The Moon Festival 中秋节 (zhongqiujie) is a traditional Chinese festival celebrated on the 15th day of the 8th lunar month, September 21 for 2021.
On this night, the moon is particularly bright. It is rounder and more beautiful than the rest of the year. The Chinese consider the full moon as a symbol of family reunion.
On this day, various legends are told about the Moon. Among them, the story of Chang’e is the best known:
A long time ago, the Earth was surrounded by ten suns. Each one in turn illuminated the Earth. One day, all ten suns appeared at the same time, boiling the seas, drying out the land and vegetation. This chaos was saved by a brave and skilled archer named Hou Yin. With his bow, he unhooked the nine suns, leaving only one in the sky.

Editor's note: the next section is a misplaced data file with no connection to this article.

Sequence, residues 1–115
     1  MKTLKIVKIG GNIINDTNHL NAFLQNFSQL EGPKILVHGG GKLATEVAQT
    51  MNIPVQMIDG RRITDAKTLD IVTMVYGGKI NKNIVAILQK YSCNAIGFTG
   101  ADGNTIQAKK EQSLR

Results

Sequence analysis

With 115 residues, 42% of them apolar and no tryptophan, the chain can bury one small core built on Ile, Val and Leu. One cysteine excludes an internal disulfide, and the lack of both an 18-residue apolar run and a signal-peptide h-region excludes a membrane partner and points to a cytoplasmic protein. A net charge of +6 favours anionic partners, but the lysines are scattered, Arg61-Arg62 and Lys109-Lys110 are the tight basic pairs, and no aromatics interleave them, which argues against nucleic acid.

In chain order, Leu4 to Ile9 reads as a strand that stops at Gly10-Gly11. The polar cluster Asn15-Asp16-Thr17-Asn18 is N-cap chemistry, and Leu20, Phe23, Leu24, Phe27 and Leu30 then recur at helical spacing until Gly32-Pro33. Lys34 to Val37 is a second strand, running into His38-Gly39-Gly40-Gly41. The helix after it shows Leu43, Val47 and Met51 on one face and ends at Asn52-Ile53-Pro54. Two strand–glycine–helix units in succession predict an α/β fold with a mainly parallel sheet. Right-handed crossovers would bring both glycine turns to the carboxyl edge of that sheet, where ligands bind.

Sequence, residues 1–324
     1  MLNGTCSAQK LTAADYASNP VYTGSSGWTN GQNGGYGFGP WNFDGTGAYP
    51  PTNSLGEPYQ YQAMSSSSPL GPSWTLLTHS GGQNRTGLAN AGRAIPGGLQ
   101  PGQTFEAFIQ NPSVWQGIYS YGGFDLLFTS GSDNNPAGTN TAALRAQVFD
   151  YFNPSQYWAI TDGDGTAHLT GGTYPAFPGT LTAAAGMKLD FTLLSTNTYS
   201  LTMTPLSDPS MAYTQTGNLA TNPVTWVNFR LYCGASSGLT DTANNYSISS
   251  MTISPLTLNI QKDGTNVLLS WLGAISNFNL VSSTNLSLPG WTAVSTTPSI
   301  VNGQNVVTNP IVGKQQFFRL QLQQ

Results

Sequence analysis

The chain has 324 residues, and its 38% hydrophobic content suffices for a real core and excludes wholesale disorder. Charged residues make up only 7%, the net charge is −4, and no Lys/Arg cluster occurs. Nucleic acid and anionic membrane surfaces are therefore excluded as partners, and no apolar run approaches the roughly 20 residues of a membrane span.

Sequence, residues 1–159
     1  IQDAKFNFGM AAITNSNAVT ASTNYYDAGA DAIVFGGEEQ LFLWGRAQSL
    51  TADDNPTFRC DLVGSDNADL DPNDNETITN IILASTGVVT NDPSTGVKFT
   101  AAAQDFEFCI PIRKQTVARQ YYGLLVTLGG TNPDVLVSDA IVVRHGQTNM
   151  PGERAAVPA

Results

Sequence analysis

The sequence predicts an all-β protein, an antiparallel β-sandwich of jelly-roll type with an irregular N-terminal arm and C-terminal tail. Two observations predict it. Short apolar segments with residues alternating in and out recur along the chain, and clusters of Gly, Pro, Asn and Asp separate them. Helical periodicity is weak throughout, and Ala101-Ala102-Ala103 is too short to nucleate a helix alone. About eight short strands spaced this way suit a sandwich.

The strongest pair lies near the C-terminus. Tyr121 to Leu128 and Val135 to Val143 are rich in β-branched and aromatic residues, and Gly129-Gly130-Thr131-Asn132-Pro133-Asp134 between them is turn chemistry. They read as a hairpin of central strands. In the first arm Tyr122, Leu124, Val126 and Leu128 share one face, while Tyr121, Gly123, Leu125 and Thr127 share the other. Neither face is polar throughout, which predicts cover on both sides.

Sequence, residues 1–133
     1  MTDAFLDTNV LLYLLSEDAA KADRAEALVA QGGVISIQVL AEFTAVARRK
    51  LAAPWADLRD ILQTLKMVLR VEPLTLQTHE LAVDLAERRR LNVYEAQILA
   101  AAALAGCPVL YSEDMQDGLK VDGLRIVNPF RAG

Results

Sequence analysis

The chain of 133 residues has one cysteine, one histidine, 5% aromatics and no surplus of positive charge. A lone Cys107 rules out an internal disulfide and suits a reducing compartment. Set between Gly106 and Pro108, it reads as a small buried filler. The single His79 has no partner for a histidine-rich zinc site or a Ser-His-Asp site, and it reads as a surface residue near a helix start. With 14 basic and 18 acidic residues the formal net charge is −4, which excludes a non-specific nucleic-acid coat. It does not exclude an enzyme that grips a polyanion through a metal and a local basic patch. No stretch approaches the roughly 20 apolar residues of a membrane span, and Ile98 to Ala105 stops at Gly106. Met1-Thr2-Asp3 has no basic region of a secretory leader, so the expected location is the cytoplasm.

After this feat, Hou Yi became king. He began to drink and behave like a tyrant. One day, Hou Yi stole the elixir of long life from the heavenly Queen Mother, hoping to become immortal and reign forever. But his beautiful wife Chang’e drank the elixir herself to save the people from her husband’s tyrannical laws. When the vial was emptied, Chang’e felt her body float away and flew to the moon. Hou Yin loved his wife so much that he did not shoot the moon.
Legend has it that on the night of the Moon Festival, if one watched the moon carefully, one could see Chang’e in her palace.
On the night of the festival, each family set up a table covered with fruit, peanuts seasoned with cinnamon powder… In the middle of the table, there was also a pyramid of Yuebing (moon cake), one for each member of the family. In the censer, a sprig of soybean representing the laurel in the moon was planted. When everything was ready, each member of the family bowed to the moon to pay homage to Chang’e who had remained in the Moon Palace.